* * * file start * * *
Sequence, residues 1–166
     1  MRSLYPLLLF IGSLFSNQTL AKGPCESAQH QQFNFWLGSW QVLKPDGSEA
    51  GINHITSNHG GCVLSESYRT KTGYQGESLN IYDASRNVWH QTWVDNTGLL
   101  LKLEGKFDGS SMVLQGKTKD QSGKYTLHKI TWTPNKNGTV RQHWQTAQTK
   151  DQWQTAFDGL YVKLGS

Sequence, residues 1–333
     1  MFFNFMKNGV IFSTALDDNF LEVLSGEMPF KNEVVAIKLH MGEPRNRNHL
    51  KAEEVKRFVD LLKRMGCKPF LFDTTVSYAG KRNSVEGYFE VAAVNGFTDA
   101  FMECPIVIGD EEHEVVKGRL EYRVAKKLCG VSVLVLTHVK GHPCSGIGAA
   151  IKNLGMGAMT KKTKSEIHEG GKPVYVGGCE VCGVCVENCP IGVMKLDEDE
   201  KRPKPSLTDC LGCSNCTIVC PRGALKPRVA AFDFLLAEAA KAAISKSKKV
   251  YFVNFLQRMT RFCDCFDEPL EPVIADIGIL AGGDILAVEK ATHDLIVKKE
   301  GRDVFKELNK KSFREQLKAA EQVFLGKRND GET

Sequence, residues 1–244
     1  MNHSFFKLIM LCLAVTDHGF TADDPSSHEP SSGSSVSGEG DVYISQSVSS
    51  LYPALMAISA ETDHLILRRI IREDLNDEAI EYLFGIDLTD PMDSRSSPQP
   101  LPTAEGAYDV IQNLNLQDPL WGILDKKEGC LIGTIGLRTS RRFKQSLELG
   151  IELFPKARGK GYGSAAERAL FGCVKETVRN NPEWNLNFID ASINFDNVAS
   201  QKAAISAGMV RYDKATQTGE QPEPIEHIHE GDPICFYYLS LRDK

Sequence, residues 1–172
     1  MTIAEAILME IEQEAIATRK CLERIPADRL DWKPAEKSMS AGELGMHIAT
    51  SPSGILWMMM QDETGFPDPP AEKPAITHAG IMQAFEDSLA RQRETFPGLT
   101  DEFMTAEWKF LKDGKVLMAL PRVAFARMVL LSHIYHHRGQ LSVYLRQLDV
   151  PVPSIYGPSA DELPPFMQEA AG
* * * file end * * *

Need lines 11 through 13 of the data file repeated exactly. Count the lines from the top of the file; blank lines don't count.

   201  KRPKPSLTDC LGCSNCTIVC PRGALKPRVA AFDFLLAEAA KAAISKSKKV
   251  YFVNFLQRMT RFCDCFDEPL EPVIADIGIL AGGDILAVEK ATHDLIVKKE
   301  GRDVFKELNK KSFREQLKAA EQVFLGKRND GET